Put your trust in Vygon’s Needle-Free Devices

Using needle-Free Devices (NFDs) for vascular access plays a key role in helping patients avoid Catheter Related Blood Stream Infections (CRBSIs) and combatting problems associated with catheter occlusions.

Without the need to unblock or replace occluded catheters, patient care is improved as trouble-free lines mean clinicians can focus on the delivery of treatment on time as planned.

As your trusted NFD partner, Vygon offers a range of solutions to suit both varying clinical needs and budgets.

Vadsite is the cost-effective clear, split septum needle-free device for low-risk peripheral lines with a short dwell time. Incorporating negative displacement, Vadsite combines a fixed, straight fluid pathway with glass syringe compatibility.

Bionector is the market-leading neutral displacement NFD for PICCs, midlines and peripheral lines. Regarded by many as an excellent example of best clinical practice, some hospitals use Bionector as the standard and consistent means of accessing all vascular access devices to reduce the risk of reflux at the end of the catheter, occlusion, infection and needlestick injuries.

Bionector TKO combines the needle-free access benefits of Bionector with a pressure activated bi-directional valve to eliminate catheter tip reflux and catheter occlusions. Designed for patients with high risk of persistent withdrawal occlusion or total occlusions on CVCs, PICCs and midlines, Bionector TKO is particularly suited to critical care and ICU patients. Plus those with long-term lines such as those used for Total Parenteral Nutrition (TPN).

TKO’s internal valve opens on injection and infusion. If the pressure is too low (such as the IV bag running dry), the valve closes protecting the patient by preventing blood reflux. The internal valve opens under a withdrawal pressure of 7.0psi. If venous pressure changes occur, the internal valve stays closed, preventing reflux at the catheter tip.

Bionector TKO can stay in place for seven days and can be used with power injectors (for CT-scans) up to a pressure resistance of 350 psi.

At the Burton Hospitals NHS Trust, introducing Bionector TKO on midline catheters helped the IV Access Team reduce the rate of catheter blockages by more than 80%.

The results were achieved whilst also increasing the number of lines inserted as well as lengthening the dwell time.

As a Trust, Burton provides a range of health services to a population of more than 360,000 across South Staffordshire, South Derbyshire and North West Leicestershire. The IV team converted to TKO in 2012 as they sought to bring down the blockage rate in their Midlines.

In 2011 there were 50 occlusions in 154 lines inserted at Burton but by 2014, after the introduction of TKO the year before, there were just nine blockages in 219 lines.

Before using TKO the longest a catheter remained in place for 30 days. In 2016, the team achieved 53 days.

The ongoing problems with blockages meant that valuable clinical time was spent flushing or replacing lines as well as causing distress to patients. The occlusion rate also meant that patients couldn’t always receive their treatment at home and so had to stay in hospital to get their IV medication.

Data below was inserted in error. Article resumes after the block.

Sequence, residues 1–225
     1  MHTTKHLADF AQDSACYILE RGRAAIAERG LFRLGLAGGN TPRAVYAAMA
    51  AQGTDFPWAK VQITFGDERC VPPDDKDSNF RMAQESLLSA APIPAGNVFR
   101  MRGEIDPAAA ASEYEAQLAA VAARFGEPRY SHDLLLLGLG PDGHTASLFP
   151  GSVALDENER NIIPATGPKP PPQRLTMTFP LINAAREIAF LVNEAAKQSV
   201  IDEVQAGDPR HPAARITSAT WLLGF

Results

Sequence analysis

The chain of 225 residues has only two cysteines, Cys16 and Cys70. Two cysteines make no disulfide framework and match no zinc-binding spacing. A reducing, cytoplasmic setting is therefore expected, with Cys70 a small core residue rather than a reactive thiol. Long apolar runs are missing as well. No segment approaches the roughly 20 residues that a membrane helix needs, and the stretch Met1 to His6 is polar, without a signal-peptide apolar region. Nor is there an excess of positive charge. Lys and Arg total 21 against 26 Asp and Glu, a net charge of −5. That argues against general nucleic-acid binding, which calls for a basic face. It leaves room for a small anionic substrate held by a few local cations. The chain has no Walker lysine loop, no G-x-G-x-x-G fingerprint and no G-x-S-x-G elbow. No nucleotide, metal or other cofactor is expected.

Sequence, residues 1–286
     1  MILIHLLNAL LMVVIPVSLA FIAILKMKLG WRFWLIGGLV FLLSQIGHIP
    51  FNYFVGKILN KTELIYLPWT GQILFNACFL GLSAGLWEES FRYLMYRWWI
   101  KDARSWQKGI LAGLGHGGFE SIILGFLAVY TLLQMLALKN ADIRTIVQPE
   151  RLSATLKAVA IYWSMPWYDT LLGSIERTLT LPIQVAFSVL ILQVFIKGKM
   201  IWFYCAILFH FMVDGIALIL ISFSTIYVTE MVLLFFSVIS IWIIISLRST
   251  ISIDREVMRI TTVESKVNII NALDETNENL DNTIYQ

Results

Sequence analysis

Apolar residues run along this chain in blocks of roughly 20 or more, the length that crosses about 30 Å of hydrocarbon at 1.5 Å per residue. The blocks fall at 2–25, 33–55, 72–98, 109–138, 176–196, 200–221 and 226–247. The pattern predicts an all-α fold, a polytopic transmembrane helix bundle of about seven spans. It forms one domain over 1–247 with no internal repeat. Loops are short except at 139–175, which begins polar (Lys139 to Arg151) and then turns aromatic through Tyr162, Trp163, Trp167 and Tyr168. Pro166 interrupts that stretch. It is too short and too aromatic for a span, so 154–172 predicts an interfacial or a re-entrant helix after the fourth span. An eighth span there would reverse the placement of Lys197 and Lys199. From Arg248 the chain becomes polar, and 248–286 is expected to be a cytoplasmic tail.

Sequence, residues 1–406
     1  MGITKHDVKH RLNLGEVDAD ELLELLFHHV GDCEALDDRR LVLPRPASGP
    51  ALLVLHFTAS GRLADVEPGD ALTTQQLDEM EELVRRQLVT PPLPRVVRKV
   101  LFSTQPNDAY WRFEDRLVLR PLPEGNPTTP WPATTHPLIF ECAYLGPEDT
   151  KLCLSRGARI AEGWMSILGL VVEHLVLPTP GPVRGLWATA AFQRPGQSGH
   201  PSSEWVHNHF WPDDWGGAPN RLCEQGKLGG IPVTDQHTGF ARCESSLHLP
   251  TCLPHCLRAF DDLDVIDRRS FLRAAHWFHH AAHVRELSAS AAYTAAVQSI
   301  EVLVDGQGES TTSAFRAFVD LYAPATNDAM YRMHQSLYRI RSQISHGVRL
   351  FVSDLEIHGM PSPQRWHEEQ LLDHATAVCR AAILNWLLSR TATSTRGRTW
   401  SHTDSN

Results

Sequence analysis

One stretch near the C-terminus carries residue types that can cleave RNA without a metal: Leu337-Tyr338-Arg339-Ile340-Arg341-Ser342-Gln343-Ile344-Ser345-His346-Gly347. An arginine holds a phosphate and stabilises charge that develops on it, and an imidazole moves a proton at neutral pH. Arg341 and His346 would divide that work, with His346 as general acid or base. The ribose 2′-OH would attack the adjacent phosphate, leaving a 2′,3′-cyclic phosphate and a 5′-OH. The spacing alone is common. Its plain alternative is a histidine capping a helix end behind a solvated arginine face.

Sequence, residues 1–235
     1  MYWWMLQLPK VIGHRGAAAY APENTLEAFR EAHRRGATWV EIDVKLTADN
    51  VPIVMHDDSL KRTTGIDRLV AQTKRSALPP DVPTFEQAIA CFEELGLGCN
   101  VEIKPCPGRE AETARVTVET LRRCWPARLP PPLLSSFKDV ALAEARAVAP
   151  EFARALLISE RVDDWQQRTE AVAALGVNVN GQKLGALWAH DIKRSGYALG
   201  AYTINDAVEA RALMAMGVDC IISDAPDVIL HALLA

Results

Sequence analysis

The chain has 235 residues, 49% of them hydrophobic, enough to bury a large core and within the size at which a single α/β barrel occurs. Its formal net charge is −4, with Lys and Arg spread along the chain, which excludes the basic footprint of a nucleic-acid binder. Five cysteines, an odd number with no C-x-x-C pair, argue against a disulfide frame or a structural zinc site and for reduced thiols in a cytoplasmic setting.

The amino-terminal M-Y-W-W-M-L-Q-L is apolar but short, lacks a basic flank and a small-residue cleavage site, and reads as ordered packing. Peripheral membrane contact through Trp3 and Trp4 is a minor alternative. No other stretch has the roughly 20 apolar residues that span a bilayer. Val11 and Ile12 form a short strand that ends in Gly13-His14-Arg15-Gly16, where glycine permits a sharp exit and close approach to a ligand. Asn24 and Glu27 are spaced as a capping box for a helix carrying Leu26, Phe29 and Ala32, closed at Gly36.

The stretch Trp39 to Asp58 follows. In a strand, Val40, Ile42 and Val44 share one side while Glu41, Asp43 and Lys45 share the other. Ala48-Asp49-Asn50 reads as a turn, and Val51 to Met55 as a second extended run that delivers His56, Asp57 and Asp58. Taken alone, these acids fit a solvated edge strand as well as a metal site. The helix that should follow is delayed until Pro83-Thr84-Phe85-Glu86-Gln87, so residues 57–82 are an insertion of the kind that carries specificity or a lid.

Bill Scroggs, Senior ODP and Midline/IV Access Team Leader, had tried various options including duck bill valves. They delivered reliable backflow prevention but they couldn’t maintain the positive pressure to prevent catheter tip occlusion.
Bionector TKO benefits from bi-directional flow so that it can withstand venous pressure to stay closed between accesses but opens up easy under forces exerted during injection or aspiration. As soon as it was introduced, Bill and his team noticed a difference.
“We really wanted to help as many people as possible get back home to receive their treatment rather than sitting in a hospital bed,” explained Bill.
“TKO has helped us achieve that and, at the same time we’ve brought down the blockage rate, we have increased the number of lines inserted. Dwell time has also gone up from an average of five days to between eight and nine.
“Also, as an exception,

we keep the lines in for longer and we have extended our maximum dwell time too to 53 days.”
The successful implementation of TKO at Burton was achieved with the help of Deborah Eaglefield, Lead Nurse Practice Development. To ensure the technology worked properly, the clinical team had to change their practices and make sure that the TKO valve (and only the TKO valve) was left on the line.


Education has been particularly important for the Doctors working on rotation. Vygon has helped with this process by providing posters and other educational materials to supplement Deborah’s work.

The hospital’s PICC line team is now introducing TKO into oncology to make the most of the benefits of its community-based IV therapy.


Finally, at the Imperial College Healthcare NHS Trust, Jan Hitchcock the Lead Nurse Vascular Access Infection Prevention and Control evaluated a reduction of catheter occlusion with Bionector TKO. She presents her findings in the video below:

Watch video here


Published 7th June 2019

For more information:

For more information about how Vygon’s NFD solutions can meet your clinical and budgetary requirements, contact the Marketing Team on 01793 748800 or email marketing@vygon.co.uk

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